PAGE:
Dr. Richard Johnson:

There are different types of vegan diets, right. My understanding is that vegan diets, they can eat bread. Right.

Dr. Mark Hyman:

Yeah. But let’s say it’s a healthy vegan diet. Let’s say you’re eating whole grains and whole beans and you’re eating lots of vegetables and nuts and seeds. Is that a problem in the scheme of glucose? Just for people listening, we used to think about carbohydrates as simple and complex, right? Simple is sugar, complex is bread. That is a terrible definition that really has no scientific relevance and it really is about the glycemic index for load of the carbs and how quickly they’re absorbed. Bread is actually worse than table sugar in this context, just for people to understand.

Dr. Richard Johnson:

Well, so it turns out like most vegetables, even if they have a little bit of fructose, usually the… You know, work by one of my collaborators, Josh Rabinowitz, showed that the intestines can inactivate about four or five grams of fructose. That’s what you see in a lot of vegetables. If you do have a low glycemic vegetable and it has a little bit of fructose in it, probably it’s safe because your intestines will inactivate small amounts of fructose. Natural fruits have a lot of fiber and they have a lot of good things. If you eat a small amount of natural fruit, if you have one or two fruits, you’re probably only getting seven or eight grams of fructose and five of that is going to be inactivated so you’re going to get very, very small amount. Then you get fiber which slows the absorption.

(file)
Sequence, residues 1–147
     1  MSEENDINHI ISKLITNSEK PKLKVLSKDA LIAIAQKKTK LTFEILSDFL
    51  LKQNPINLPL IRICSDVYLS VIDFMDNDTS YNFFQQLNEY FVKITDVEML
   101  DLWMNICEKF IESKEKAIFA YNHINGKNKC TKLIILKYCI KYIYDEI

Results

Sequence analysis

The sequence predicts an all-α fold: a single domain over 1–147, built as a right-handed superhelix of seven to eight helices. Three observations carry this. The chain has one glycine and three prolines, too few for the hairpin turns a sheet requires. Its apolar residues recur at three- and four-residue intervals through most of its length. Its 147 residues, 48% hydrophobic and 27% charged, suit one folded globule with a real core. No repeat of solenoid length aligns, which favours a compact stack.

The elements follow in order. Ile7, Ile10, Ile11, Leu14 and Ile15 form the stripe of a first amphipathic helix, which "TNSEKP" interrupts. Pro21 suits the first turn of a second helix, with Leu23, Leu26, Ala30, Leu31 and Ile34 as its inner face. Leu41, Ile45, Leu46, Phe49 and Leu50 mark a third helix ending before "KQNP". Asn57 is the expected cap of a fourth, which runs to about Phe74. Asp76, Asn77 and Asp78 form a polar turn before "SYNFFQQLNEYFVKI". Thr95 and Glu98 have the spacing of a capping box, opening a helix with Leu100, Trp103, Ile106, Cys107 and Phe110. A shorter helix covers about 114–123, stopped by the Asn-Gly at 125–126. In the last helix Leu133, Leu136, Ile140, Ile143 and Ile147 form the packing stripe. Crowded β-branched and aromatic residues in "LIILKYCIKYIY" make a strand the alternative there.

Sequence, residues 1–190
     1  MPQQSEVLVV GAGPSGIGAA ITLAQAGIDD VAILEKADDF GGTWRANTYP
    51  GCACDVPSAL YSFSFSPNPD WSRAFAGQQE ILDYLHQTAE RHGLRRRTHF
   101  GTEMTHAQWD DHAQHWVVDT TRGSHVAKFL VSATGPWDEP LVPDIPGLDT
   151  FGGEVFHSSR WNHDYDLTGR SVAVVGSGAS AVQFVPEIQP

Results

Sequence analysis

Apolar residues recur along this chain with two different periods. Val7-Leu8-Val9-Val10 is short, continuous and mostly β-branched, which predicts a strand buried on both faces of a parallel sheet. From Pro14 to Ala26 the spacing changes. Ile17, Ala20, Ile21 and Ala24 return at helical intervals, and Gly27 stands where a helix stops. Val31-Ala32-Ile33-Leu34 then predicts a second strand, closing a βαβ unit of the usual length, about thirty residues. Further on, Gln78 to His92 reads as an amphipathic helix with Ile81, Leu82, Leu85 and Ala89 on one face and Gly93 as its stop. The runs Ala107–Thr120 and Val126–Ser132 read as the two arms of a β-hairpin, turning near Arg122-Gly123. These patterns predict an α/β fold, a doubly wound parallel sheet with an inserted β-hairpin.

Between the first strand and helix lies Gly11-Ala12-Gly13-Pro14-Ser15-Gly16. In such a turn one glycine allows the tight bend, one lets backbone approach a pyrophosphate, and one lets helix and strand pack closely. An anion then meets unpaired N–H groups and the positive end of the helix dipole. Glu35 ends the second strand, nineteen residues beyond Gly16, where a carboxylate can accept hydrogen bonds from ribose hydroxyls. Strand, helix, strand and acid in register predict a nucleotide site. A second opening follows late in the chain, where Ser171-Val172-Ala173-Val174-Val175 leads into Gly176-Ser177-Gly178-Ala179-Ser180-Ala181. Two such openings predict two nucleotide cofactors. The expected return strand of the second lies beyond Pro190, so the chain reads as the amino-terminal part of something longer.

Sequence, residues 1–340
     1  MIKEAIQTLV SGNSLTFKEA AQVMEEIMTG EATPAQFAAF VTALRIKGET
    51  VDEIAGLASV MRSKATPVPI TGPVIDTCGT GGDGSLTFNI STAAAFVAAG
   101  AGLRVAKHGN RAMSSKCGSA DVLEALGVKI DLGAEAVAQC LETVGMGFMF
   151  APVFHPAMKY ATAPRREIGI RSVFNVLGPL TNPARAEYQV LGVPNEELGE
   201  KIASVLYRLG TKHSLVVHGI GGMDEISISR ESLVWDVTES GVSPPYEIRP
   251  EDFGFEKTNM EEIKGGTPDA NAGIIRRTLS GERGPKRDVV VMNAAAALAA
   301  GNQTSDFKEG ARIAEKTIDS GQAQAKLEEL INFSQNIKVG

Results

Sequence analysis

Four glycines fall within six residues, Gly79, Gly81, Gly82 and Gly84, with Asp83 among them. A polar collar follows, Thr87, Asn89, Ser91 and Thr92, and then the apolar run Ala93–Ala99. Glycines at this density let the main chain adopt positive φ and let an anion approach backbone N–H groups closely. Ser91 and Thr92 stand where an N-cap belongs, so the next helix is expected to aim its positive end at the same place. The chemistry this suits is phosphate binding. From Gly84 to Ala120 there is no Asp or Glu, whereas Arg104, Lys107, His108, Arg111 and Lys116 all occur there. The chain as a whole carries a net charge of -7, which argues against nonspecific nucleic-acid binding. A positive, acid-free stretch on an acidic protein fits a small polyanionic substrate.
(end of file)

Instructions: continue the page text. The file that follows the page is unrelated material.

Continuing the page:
Dr. Mark Hyman:

[inaudible 00:47:17] antioxidants.

Dr. Richard Johnson:

Vitamin C. Vitamin C blocks some of the effects of fructose, so natural fruits are actually fine. We did studies where we did put people on a low fructose diet, where we reduce sugar and high fructose corn syrup and fruits. Then one group got back natural fruit supplements. Both groups did great. The natural fruits won’t affect us, whereas things like fruit juice and so forth aren’t good because then you get a lot of sugar and a lot of fructose in a short period of time. You know the way the switch works, it’s the concentration that the body sees. If you drink a soft drink rapidly, you’re taking a lot of sugar in a short period of time so the liver gets a big wave and the switch is activated. But if you took that same soft drink and you sipped it very slowly over three hours, it would be more like just the calories because you wouldn’t get the concentration of fructose to activate the switch.